Subaru will find it difficult to convince a sizable number of consumers to spend more than $30,000 on one of their vehicles. Although the WRX STI is still a great buy for the money priced in the lower $30s, Subaru has had no previous history of competing against luxury brands whose vehicles are perceived to be a reasonable value when in the $30,000 range. Subarus are known as a good value. It is difficult to believe buyers will view a Subaru above $30,000 to be a good value. Unless you have been or are a Subaru owner and understand know how awesome Subarus really are, it will be difficult to build a convincing argument for a high value Subaru priced above $30K.
Many wealthy individuals are some of the most frugal people around. They are very price conscious, in some instances even down right cheap. With respect to their vehicles, wealthy people are more concerned about conveying an image and less interested telling others it is a good value.
When someone buys a Ford or Chevy they will tell you how much money they saved. With luxury brands it is the direct opposite. When someone buys a luxury vehicle they would never tell people how much money they saved. Even if they did save, luxury buyers want people to believe they spent a lot of money for the vehicle. Why? Image. When someone purchases a BMW they want people to believe they paid more than sticker. Why? Because it creates a perception they have so much money to spend they do not need to worry about saving.
Third is Image
Size and pricing are measurable variables in the consideration process, and even if the B9 was larger and reasonably priced a target buyer remains to be defined. Why buy the B9 over the other vehicles showcased in the B9’s ad? The others are larger, priced more competitively and fill a specific need. What does a B9 buyer look like? It is certainly not a typical Subaru buyer.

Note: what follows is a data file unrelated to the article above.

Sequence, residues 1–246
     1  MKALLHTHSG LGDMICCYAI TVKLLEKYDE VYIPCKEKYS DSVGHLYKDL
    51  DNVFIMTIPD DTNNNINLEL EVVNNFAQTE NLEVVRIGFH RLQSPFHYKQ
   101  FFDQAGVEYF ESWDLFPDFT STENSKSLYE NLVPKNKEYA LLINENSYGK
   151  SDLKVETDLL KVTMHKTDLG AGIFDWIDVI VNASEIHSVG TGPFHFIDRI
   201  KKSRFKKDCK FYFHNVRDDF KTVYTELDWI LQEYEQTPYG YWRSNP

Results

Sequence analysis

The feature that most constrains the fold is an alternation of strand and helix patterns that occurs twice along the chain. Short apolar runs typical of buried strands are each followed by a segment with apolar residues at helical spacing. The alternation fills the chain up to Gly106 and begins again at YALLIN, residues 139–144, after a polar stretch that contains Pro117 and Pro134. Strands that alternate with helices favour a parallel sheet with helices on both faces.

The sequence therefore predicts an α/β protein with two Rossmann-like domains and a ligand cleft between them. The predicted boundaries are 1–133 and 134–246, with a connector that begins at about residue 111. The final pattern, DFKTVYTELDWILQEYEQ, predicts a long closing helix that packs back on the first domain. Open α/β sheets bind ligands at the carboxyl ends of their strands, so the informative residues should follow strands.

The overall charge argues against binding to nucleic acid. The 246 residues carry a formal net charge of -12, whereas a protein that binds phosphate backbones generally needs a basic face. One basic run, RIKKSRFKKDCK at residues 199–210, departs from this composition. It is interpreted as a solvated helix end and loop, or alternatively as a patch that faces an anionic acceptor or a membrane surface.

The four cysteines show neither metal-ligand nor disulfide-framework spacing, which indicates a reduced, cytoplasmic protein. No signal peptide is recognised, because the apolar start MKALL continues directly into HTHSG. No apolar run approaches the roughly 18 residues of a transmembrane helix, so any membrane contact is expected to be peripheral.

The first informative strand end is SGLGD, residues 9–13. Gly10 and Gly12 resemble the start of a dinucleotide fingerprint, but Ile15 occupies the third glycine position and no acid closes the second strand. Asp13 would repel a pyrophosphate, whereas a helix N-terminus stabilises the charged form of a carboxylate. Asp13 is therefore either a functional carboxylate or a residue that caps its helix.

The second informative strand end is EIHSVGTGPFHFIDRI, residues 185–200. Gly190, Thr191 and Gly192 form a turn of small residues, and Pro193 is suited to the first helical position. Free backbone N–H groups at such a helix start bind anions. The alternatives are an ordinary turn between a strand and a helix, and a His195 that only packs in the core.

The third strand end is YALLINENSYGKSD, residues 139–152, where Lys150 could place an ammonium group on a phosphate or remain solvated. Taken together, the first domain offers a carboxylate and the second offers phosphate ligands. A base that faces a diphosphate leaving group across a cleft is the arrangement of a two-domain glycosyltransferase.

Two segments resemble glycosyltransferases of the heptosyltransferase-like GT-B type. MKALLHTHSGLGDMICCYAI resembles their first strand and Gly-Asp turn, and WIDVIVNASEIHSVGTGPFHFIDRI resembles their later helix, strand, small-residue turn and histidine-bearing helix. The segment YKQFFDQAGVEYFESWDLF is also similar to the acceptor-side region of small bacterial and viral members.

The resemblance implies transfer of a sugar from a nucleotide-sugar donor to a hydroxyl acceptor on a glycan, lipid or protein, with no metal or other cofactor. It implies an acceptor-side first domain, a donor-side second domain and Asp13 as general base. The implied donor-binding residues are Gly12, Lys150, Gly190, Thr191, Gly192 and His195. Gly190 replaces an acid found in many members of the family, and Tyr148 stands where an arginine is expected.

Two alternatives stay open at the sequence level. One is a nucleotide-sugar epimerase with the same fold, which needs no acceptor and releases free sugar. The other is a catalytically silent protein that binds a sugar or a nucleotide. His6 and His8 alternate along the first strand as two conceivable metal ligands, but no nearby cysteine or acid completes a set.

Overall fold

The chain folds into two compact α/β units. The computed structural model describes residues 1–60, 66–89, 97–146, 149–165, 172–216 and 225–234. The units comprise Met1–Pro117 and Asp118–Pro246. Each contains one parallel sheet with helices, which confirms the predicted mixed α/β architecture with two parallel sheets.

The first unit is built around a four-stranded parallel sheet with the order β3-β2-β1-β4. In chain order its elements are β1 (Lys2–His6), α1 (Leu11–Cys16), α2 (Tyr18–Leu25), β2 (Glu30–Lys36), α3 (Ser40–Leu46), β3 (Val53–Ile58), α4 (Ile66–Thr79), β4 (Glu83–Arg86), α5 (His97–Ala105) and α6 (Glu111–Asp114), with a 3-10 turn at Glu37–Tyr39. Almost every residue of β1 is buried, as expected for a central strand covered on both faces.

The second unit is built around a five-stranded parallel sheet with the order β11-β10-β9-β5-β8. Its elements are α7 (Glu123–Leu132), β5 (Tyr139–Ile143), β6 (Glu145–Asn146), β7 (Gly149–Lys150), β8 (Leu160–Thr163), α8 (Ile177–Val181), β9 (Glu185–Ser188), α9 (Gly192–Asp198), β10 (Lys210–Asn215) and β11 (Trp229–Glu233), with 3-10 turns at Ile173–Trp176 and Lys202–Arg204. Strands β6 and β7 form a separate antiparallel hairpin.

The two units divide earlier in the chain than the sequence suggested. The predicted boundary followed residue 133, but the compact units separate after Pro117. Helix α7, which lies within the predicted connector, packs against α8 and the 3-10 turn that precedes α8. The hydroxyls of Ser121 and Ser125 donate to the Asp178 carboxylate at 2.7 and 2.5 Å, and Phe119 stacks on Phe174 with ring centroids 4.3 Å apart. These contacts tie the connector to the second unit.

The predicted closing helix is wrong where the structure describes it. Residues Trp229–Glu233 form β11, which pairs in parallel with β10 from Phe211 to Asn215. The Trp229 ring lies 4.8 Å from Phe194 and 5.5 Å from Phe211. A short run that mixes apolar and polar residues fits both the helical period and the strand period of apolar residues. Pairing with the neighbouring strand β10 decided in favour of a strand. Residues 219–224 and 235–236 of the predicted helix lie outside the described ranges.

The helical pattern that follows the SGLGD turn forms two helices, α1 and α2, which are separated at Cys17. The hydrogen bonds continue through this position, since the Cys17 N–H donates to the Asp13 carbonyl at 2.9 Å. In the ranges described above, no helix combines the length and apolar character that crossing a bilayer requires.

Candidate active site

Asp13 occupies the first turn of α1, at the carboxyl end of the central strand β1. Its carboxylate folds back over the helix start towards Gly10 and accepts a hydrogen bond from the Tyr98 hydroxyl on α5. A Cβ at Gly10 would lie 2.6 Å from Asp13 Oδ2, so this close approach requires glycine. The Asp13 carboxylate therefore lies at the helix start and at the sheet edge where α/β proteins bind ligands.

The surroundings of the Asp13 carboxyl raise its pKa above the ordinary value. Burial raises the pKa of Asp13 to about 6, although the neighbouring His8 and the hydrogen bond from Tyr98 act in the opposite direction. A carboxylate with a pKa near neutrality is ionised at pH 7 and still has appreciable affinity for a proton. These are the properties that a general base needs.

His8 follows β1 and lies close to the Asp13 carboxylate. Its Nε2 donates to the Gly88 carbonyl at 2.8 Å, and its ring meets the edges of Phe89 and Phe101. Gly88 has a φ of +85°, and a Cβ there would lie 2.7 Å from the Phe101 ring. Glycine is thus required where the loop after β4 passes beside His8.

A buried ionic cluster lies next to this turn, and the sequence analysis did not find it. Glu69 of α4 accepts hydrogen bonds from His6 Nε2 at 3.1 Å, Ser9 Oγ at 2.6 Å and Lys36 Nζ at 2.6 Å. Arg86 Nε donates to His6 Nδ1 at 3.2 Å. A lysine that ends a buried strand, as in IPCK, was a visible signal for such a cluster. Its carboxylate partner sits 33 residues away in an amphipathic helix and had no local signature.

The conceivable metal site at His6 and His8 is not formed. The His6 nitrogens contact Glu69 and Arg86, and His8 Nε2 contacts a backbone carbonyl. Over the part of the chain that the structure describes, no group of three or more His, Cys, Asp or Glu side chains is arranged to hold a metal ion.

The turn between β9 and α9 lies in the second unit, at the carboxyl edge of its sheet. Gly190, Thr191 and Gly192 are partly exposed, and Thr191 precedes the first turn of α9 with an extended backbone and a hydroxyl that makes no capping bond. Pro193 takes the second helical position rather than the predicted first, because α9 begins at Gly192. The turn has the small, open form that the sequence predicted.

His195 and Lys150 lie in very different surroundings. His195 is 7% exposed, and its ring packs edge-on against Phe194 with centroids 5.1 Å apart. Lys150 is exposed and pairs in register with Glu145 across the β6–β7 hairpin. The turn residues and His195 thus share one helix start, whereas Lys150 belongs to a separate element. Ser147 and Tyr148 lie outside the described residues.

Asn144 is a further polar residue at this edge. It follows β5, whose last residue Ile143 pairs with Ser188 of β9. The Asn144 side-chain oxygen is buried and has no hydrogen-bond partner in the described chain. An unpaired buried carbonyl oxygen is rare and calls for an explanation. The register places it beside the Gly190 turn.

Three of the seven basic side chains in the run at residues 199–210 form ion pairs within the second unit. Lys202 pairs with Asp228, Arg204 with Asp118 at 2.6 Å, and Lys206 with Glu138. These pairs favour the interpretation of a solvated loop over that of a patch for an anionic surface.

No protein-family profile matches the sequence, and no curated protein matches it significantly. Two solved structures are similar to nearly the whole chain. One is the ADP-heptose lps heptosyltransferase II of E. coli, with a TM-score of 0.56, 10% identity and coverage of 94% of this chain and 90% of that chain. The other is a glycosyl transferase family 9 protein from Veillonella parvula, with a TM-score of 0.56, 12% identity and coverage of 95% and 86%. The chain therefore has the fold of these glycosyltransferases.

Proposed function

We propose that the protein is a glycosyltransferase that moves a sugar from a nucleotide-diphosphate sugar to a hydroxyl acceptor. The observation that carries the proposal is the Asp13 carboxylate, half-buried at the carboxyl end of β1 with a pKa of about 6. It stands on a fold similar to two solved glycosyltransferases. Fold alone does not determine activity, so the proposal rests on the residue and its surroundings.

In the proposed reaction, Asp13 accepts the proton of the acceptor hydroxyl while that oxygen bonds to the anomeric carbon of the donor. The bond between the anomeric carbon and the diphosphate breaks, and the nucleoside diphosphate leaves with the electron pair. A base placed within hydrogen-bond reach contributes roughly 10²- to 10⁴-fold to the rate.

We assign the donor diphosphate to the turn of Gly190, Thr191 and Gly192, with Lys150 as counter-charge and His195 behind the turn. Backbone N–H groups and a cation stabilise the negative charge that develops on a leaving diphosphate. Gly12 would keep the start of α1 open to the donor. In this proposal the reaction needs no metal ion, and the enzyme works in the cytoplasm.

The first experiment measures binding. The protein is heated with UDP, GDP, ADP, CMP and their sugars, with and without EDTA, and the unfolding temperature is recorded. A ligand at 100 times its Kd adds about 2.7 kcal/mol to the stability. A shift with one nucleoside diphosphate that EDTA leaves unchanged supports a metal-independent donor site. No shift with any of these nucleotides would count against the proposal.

The original concept for the B9 was an SUV for Subaru owners who wanted a larger Subaru than the Outback and Forester. The size of their families grew but their activities and interests remained unchanged, and the B9 falls short in fulfilling the needs, spirit and personality of most Subaru owners and their activities. Subaru owners are value conscious, outdoor enthusiasts, whose vehicles are an integral part of their life, used in the majority of their activities, which can include camping, canoeing, kayaking, skiing, gardening and pet shows. The B9 does not even have roof rails to attach cargo bars to for skis, canoes, kayaks, bikes, etc. But this vehicle was supposed to appeal to buyers outside the traditional Subaru buyer profile. It was trying to reach upscale, luxury buyers.
However, part of the reason people purchase a luxury vehicle is so they are considered part of the upper or upper middle class. Luxury buyers may be very loyal to a particular brand. This is not attributed to the fact the vehicle is a better buy or because fit and finish are better. In fact I would say the fit and finish on the B9 is just as good as anything found on an upscale brand. But luxury vehicles are more about their image. Things like tight tolerances, fit and finish are expected. It is flash over substance. With Subaru their flash is their substance.
A Subaru Should Not Try to Be for Everyone
As in life, a person will not be successful when they try to be all things to all people. You have to remain true to who you are. So should Subaru. Subarus are not for everyone, but that is not necessarily a bad thing. They have a niche in the market and they should work to build its base with individuals whose lifestyles reflect the true DNA of a Subaru. The B9 is part of the new philosophy and comes equipped with all-wheel-drive, but at its core it does not embrace or reflect the authentic spirit of a Subaru.
The refinements made to the current Subaru product lineup are substantial. But Subaru should recognize, understand and design vehicles around their loyal family of buyers. These group of consumers are Subaru’s best chance for longevity and growth in the U.S. market, long after the idea to mold Subaru into an up-scale luxury brand fades into the sunset. Currently Subaru is abandoning these buyers in an unrealistic belief their newly styled vehicles will increase revenue through luxury buyers. Subaru has a strength in being a niche brand. They should expand on this. Do one thing and do it better than your competition. In this arena Subaru can dominate.
Unlike the movie, Field of Dreams, just because you build it does not necessarily mean they will come.